Email usage is just about saturated among Millennials and Generation X. But there is one group for whom it is growing: Generation Z, in the 13-21 age category. So little is known about them that they don’t yet have a clear stereotype.
But we do know that they view email as essential, thanks to The Future of Digital Communications, a study by SendGrid and Egg Strategy.
Of the Gen Z members polled, 85% of have an overwhelming preference for email communications. They are outranked in this area by Millennials (89%) and Gen Xers (92%).
But that’s today. Of the Gen Z respondents, 48% expect their email use to increase in the next five years, compared with 36% of Millennials and 23% of Gen Xers.
Of 1,200 consumers surveyed overall, 67% view email as essential or important to their lives. But 33% say it is neither
At the same time, 79% of consumers say their email usage has risen or held steady over the past five years, especially those in younger generations. And 74% of people choose email as the preferred channel for companies or brands to interact with them.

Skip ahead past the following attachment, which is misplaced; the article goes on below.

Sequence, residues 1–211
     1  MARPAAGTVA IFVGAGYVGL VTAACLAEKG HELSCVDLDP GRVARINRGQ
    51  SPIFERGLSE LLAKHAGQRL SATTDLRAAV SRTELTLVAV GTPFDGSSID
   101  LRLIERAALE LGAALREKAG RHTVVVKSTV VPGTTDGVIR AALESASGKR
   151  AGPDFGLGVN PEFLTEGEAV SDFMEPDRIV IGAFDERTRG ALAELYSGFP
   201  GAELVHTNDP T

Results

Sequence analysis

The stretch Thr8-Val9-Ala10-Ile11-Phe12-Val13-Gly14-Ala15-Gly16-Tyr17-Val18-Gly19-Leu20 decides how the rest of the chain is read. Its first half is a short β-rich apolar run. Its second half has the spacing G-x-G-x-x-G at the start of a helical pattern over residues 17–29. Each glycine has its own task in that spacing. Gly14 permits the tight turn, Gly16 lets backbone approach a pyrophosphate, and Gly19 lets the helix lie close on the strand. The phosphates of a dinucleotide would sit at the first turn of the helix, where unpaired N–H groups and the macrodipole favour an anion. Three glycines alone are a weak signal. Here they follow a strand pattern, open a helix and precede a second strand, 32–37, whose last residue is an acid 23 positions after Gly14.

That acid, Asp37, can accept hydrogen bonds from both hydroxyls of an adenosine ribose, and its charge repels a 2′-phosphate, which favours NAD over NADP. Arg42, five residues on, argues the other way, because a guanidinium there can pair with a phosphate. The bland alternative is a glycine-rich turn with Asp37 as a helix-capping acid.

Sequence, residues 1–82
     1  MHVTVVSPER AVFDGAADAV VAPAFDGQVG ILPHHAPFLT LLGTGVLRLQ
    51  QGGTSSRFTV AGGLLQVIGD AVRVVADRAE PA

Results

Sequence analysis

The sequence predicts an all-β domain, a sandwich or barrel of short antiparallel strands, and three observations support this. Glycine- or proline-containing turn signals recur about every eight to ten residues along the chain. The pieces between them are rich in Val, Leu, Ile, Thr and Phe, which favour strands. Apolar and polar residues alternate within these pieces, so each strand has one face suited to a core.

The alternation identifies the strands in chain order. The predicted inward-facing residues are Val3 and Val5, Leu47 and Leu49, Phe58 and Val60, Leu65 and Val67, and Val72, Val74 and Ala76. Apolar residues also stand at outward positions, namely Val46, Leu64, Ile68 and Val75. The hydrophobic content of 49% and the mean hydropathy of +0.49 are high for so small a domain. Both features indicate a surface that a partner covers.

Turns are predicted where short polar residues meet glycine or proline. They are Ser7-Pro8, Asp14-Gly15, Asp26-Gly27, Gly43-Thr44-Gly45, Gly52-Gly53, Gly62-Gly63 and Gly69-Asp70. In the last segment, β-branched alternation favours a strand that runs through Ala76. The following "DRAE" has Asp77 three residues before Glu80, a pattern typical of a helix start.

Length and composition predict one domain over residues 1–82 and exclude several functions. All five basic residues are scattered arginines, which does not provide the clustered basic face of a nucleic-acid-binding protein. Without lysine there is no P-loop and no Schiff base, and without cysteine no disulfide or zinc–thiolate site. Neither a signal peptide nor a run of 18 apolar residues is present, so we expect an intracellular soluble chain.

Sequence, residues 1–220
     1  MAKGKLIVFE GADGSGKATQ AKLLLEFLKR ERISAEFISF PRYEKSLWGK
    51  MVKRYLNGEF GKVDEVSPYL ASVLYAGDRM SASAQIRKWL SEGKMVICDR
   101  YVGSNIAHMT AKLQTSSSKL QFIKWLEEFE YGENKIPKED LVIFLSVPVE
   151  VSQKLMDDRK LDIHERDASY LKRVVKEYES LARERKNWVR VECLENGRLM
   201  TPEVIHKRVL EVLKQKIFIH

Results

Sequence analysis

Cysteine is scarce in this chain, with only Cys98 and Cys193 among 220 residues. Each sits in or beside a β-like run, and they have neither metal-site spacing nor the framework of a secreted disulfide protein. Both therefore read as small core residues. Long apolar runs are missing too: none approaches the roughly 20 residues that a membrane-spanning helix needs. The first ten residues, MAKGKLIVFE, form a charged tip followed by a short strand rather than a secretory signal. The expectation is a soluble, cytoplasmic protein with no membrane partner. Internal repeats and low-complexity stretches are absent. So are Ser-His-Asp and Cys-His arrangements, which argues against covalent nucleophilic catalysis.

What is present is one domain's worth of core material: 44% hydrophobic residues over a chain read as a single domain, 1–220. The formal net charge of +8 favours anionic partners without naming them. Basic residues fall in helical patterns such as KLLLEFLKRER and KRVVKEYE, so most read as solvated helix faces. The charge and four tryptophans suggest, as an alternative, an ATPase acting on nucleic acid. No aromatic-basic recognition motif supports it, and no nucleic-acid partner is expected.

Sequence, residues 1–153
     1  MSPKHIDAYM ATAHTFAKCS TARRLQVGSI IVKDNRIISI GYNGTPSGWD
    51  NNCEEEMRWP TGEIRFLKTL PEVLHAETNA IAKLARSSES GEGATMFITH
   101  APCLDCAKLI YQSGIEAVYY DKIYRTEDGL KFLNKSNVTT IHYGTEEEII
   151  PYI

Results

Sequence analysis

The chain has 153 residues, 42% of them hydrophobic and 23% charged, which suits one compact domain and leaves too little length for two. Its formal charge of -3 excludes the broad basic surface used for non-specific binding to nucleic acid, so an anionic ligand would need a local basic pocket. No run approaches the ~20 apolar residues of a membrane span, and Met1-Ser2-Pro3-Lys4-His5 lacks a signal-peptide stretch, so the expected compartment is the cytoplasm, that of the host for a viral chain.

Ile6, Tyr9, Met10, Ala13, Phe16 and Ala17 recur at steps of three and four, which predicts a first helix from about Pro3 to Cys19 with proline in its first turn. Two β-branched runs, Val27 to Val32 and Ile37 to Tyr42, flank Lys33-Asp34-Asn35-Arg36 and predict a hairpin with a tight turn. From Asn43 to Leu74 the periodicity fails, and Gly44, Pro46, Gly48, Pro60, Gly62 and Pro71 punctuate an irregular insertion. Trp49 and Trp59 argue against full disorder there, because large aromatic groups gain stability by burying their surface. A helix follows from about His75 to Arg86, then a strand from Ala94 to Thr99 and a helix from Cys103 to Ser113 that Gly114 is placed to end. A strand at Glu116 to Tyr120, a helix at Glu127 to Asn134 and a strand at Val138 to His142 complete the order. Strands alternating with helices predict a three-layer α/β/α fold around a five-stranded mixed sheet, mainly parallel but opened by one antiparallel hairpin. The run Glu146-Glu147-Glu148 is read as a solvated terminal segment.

Granted, text messages and phone calls outweigh email in all generations — but not by much. And email beats out social media and communication apps
Gen Z is less likely to use email for work — but that’s to be expected, as most have not yet entered the workforce. They deem email essential for:
According to the study, email is preferred by 70% of Gen Z for company-to-consumer interactions, compared with 72% of Millennials and 79% of Gen Xers.
And 34% like to receive physical direct mail in the form of promotions and catalogs. Millennials and Gen Xers are more likely to desire that.
Overall, 32% of all consumers prefer to sign up for newsletters, including 29% of Gen Zs. And identical percentages choose to email a company when communicating. However ,39% prefer to “like” or follow up in some other way on social media.
Gen Z also ranks highest in anticipated growth in these areas:
Personal emails between me and individual people I know (outside of work)—35%
In addition, 39% expect their advertising and marketing communications will increase in the next year, vs. 34% of Millennials and 28% of Gen Xers.
Here’s one more piece of good news for email marketers: Content sent by email, text and voice/video chat are viewed as lasting and important. In contrast, Instagram, Twitter, Snapchat are seen as having fleeting influence. Facebook straddles the middle.